Sudden Death

Are YOUR stock at risk of Sudden Death?

  • Evidence shows that sudden, unexpected deaths are increasing.
  • New farming practices are creating new risks of clostridial diseases.
  • Traditional 5 in 1 vaccines do not cover all clostridial diseases.

Clostridial diseases have been around since time immemorial, and we’ve had vaccines to protect livestock against some of them for the past 50 years. Traditional ‘five-in-one’ vaccines do a great job of preventing tetanus, pulpy kidney, blackleg, malignant oedema and black disease.

But times, and farming practices change.

A number of other clostridial organisms – not covered by these vaccines – are starting to make their presence felt. They may well be the cause of sudden, unexplained deaths seen in valuable dairy replacement animals. Often these individual, spasmodic deaths are dismissed as ‘one of those things’ and not investigated further.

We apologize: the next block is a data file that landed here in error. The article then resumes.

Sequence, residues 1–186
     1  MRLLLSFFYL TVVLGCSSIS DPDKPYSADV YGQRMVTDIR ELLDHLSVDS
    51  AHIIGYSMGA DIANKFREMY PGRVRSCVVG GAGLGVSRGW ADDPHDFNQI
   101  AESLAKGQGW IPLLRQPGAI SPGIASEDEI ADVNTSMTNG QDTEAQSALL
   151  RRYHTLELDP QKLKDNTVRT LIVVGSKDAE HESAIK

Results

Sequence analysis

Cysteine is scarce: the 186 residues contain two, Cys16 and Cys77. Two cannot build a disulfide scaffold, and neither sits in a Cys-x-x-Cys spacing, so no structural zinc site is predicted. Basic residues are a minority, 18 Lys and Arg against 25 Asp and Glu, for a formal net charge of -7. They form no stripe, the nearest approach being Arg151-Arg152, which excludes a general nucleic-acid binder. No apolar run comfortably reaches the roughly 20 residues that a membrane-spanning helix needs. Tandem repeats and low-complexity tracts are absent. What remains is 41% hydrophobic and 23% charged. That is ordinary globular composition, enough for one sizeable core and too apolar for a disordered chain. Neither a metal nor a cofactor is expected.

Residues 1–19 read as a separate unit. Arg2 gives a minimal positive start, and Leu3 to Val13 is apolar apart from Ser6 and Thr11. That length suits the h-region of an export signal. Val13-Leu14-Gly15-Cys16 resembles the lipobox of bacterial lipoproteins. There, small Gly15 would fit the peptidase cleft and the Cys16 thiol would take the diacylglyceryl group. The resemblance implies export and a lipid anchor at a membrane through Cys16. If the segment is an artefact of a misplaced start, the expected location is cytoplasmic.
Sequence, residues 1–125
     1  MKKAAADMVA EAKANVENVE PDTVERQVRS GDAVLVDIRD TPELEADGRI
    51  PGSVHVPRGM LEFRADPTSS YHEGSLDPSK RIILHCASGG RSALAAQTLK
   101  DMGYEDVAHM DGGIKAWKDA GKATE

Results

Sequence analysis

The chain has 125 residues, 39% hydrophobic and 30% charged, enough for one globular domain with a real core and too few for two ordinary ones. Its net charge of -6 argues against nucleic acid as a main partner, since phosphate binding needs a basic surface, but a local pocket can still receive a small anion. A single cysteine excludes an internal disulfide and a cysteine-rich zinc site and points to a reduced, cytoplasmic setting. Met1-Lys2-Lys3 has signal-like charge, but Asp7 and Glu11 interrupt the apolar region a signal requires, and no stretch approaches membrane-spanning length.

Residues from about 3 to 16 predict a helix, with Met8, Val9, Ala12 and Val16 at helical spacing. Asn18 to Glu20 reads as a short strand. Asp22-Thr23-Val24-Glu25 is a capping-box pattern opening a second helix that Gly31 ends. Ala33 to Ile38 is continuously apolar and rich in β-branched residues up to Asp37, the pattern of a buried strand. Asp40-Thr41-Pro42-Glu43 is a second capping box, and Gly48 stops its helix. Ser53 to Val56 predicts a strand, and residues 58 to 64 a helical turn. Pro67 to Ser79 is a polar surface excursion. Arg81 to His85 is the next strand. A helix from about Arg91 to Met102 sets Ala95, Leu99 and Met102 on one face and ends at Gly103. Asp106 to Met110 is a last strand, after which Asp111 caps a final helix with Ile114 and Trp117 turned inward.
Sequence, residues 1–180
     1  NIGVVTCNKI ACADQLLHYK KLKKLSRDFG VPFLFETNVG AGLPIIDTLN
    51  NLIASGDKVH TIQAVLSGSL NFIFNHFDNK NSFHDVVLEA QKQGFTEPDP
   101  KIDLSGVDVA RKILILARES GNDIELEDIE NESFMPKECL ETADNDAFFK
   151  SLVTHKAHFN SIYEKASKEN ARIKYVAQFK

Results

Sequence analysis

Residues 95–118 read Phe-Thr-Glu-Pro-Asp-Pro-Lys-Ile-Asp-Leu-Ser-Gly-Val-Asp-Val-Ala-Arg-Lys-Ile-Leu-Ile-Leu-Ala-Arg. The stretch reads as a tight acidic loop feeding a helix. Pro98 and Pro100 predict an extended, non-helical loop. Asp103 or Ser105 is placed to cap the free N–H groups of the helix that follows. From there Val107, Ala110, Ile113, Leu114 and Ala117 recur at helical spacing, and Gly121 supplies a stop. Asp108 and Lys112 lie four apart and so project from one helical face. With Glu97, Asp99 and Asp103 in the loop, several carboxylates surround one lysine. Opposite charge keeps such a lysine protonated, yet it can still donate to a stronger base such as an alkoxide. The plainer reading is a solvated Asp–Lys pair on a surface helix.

Clostridial organisms have evolved and adapted to survive in different environments – in the soil, within animals, in the gut contents. Most of the time this is a benign arrangement, but when conditions are right, their numbers can explode and the lethal toxins they release can kill a healthy young animal in a matter of hours.

Today’s farm management practices, especially on progressive and high-productivity systems, can and do create favorable conditions to ‘feed’ these organisms. Especially vulnerable are fast-growing young animals being intensively grazed on developed, highly nutritious pastures and/or being fed supplements.

It’s all about risk management, and because of their age, nutritional levels, growth rates, and intensive management, your dairy replacements are very much ‘at risk’.

You can manage this risk – protection against all these clostridial threats is available through more comprehensive vaccine. Covexin®10 covers the five ‘traditional’ clostridial organisms, plus a further five including those responsible for these sudden unexplained deaths among replacement heifers.

We suggest you speak with your veterinarian to discuss a vaccination programme aimed at managing this risk.